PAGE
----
It was a surprise that Escape Room was able to bump Rob Marshall's Mary Poppins Returns from its comfortable number two position, but the family film is still doing just fine. Not only did its acutal drop basically match Aquaman's, but it has now made over $250 million worldwide in its 19 days of release. Its numbers are being moderately consistent, having made $23.5 million in its first three days, and $28.4 last week. Like Aquaman it should continue to do well as we make our way through the slow month that is January, though it's worth pointing out that it has only just this week managed to have its domestic total match its reported budget before marketing ($130 million). There's no way it will wind up being a loss, especially because of the foreign numbers, the merchandising, the home video release, and even a potential award season bump, but it probably isn't doing the business that Disney was hoping for.

Sporting a budget about $40 million less than Mary Poppins Returns, Peter Ramsey, Robert Persichetti Jr., and Rodney Rothman's Spider-Man: Into The Spider-Verse is also still doing extraordinarily well so far in 2019, and added another eight-figure sum to its $133.9 million total so far here at home. Internationally it's coming up on $300 million, and it's already established as the seventh biggest release ever out of Sony Pictures Animation. It also has the distinction of being absolutely incredible, earning some of the best reviews of the year, and an "A+" from CinemaScore. It's also a very safe bet that the filmmakers will be walking away with the Best Animated Feature award at this year's Academy Awards - and it could find itself nominated in some other impressive categories as well.

Lastly, we shall give a preemptive good bye to Etan Cohen's Holmes & Watson this week, as it managed to fall from seventh place to 10th place, and will almost surely not be featured on the Top 10 next week. Costing $42 million to make, the comedy is shaping up as a real disaster, as it has earned serious venom from both critics and audiences. As excited as we may have been to see the reunion of Will Ferrell and John C. Reilly, this definitely isn't how the world wanted to see it happen, and the numbers are showing that.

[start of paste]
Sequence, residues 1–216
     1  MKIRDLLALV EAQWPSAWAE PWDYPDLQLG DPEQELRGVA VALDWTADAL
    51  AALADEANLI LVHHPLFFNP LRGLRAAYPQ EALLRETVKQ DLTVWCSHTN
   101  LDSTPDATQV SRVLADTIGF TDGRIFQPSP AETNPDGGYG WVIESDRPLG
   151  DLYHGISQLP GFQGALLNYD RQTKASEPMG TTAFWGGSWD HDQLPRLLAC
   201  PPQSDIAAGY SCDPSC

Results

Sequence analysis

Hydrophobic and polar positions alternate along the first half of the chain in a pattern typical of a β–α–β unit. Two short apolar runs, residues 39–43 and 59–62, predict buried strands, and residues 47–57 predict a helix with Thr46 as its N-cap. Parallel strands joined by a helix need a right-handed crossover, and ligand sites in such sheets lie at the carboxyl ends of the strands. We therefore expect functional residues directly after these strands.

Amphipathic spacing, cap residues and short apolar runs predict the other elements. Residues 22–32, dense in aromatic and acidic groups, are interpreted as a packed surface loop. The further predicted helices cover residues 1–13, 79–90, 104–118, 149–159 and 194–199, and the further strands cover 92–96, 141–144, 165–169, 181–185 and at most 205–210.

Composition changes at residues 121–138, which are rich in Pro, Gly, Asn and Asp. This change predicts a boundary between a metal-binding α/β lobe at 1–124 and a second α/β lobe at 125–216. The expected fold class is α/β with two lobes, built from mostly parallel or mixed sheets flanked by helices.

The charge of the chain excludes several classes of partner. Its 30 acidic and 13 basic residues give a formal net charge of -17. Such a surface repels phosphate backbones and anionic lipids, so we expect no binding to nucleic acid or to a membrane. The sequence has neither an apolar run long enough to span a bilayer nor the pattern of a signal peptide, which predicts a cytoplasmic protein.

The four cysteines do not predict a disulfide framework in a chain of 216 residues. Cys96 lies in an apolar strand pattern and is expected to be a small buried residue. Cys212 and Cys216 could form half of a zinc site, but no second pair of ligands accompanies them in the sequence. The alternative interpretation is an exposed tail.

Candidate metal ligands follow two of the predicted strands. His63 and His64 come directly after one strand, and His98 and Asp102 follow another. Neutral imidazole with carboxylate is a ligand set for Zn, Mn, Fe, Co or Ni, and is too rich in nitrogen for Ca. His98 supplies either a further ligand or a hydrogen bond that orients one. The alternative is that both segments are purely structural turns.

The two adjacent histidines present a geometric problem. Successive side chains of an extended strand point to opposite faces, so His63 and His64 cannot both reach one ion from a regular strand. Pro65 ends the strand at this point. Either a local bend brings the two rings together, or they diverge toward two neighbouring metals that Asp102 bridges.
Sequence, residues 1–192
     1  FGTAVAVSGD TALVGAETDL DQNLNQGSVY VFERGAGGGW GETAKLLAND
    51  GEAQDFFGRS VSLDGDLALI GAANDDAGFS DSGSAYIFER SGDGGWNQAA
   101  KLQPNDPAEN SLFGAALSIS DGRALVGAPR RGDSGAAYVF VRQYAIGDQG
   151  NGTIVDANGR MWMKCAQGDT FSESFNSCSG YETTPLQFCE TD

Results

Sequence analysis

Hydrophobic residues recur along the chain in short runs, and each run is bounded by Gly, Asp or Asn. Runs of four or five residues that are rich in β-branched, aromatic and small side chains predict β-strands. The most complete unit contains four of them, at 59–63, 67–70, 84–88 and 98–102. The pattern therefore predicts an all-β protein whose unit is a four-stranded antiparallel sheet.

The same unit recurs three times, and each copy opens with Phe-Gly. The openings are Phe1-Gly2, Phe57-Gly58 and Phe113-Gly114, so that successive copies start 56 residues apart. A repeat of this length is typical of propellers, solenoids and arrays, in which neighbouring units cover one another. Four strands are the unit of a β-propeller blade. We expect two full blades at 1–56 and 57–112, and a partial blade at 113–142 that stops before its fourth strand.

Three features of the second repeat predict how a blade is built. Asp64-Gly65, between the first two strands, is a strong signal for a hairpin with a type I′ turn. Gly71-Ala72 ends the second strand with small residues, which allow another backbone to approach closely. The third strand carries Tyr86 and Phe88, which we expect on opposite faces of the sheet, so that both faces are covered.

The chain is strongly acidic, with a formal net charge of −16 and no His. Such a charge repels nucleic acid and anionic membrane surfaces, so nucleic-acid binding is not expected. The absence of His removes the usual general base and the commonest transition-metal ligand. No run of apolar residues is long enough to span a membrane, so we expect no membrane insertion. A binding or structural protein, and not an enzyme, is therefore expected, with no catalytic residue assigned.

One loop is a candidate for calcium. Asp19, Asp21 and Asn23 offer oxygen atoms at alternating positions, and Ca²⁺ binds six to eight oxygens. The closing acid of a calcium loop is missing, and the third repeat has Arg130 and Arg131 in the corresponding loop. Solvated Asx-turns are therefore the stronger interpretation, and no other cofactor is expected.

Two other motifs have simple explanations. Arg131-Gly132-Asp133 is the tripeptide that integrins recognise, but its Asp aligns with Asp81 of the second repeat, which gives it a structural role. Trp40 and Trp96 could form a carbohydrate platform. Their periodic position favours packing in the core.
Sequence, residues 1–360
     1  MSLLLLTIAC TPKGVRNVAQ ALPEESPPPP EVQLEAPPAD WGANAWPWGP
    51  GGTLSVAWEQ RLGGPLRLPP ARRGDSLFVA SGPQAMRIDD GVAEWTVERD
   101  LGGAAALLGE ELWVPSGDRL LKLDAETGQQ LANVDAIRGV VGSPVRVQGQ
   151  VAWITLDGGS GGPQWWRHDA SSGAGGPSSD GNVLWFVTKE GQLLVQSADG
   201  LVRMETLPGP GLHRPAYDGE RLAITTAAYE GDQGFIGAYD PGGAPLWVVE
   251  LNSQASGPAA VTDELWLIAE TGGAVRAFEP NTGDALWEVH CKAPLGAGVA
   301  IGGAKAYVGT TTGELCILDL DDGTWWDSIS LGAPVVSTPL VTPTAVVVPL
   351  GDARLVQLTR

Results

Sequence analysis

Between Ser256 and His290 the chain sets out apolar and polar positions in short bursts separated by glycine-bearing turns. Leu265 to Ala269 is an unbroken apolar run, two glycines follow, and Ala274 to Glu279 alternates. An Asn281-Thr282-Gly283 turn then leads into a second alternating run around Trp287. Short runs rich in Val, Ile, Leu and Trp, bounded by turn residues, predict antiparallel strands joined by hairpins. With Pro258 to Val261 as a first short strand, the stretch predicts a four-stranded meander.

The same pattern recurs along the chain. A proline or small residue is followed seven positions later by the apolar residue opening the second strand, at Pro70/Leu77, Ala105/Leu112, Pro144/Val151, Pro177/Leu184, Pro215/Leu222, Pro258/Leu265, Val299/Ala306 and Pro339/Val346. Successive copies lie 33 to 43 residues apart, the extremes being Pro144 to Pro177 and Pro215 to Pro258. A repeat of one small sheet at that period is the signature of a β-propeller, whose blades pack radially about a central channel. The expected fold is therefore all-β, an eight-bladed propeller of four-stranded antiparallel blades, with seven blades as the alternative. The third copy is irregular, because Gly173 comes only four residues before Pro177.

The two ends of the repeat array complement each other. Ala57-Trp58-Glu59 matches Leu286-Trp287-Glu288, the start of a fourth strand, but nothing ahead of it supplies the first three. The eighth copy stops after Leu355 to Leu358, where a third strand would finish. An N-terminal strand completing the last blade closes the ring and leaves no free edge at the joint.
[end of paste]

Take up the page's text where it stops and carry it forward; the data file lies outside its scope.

As mentioned, there is a trio of new releases arriving on the big screen this weekend - but also the theatrical expansion of a notable historical biopic. There's the canine-centric tearjerker A Dog's Way Home; the buddy dramady remake The Upside; the Keanu Reeves-led thriller Replicas; and the Ruth Bader Ginsberg story in On The Basis Of Sex. While Aquaman will likely rule the kingdom once again, all of these titles should do an interesting job mixing up the middle of the Top 10, so be sure to come back next Sunday to see how it all shakes out.

NJ native who calls LA home; lives in a Dreamatorium. A decade-plus CinemaBlend veteran; endlessly enthusiastic about the career he’s dreamt of since seventh grade.